The sneaker and film fanatic explains the necessity of hype in today’s sneaker culture. Founded in 2007, Extra Butter has made a name for itself as one of New York’s best footwear accounts in the years since. However, apart from footwear, Extra Butter sought to cultivate a lifestyle and community that emphasized fun and creativity, and their collaborations certainly show that side of the brand — their “ Karaoke ” version of the ASICS GEL-Lyte V exemplified their love for movies (in this case, Sofia Coppola’s Lost in Translation) and added an element of light-heartedness to the sometimes too-serious sneaker business. Read the full interview here.
Do you believe the hype is killing the sneaker game? Is it reasonable for people to pay $500 for a pair of sneakers?
I don’t… I think hype is 100% necessary. Hype driven by the difficulty to obtain something is never going away whether it be sneakers, tickets to a show, or a limited flavor of something edible. I’m sure you’ll find me disagreeing with much of what’s out there that garners hype. Most of the time it’s shallow or manufactured. I think people need to really know themselves and the root of why they like things, and then the hype will be more personal and true. It seems unreasonable for people to pay $500 for sneakers, but if it were me and it was a pair designed by or honoring Zack de la Rocha or Quentin Tarantino, people I’m influenced by, I’m sure I’d pay up if I had to. If it’s $500 just to be a cool guy that says “I got these!” during the hyped phase, I recommend saving your money.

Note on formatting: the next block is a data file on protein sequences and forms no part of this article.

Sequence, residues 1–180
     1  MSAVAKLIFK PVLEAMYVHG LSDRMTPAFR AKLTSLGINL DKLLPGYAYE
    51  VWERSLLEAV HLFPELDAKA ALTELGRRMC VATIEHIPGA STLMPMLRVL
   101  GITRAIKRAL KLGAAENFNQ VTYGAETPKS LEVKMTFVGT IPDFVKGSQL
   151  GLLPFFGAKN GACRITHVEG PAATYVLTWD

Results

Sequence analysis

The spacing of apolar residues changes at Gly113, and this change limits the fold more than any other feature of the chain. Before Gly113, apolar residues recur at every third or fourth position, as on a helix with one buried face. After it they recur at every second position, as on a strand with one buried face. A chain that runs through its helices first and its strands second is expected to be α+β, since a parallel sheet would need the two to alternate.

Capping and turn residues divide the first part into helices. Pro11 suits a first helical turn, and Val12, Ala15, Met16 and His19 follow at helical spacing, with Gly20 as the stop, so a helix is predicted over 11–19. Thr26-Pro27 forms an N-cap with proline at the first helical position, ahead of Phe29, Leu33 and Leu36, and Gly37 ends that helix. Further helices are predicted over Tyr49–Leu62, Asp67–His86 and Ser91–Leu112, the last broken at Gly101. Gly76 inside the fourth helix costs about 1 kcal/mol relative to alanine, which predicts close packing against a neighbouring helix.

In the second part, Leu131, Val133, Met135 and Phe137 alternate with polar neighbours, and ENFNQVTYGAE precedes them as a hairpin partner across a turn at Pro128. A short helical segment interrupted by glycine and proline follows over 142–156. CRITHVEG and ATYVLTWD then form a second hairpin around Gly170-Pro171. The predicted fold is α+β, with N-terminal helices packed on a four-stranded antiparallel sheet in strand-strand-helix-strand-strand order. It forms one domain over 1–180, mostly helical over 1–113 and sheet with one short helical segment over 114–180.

Do you think that sneakers will eventually start to be considered as pieces of art? What is your opinion on that?
They should be. I believe sometimes intentional, sometimes not, but sneakers are absolutely a work of art. Whether it’s the design of the silhouette itself, or the way it’s colored up and treated, sneakers become works of art all the time. I think I find other art forms more inspiring these days, but every now and then I’m still floored by some sneakers that come out, which is a good thing.
How did Extra Butter manage to create such a following? Locally and worldwide?
A combination of hard work and creativity. Local following stems from the many good practices we’ve learned and adopted as a business with family footwear/mom & pop shop roots. I think locally we’ve established a reputation of being “for the people”, which was a theme that played part in my inspiration for the upcoming “#EBFTP” project we have with Saucony. The worldwide following developed through digital presence and our collaborative projects, but I believe it started when we were just the new kid on the block with our Rockville Centre store. Out in Long Island, we needed to let people know we were there and we did that by making noise with our creative endeavors. I would love someone to actually trace back to this, but we were one of the shops that would have fun with our photos. We’d take sneaker shots in certain settings or with props that would further tell the story about the shoe’s design or past history. We even did a lot of on-foot shots, before we saw that being a thing. I remember Kanye’s blog re-posted images we took of the Nike “Selvedge Denim” Blazers on foot and our phones lines got destroyed. On the apparel side of things, whenever we carried brands we showed our personal love and connection to the brand by shooting our own lookbooks where we’d really have fun with different themes and settings that we’re either true to the clothing line, EB pastimes, or a combination of the two. We established ourselves as an authority, and as storytellers and our photos were often reposted by industry blogs that have been premier sources of info and platforms for shops and brands in our industry.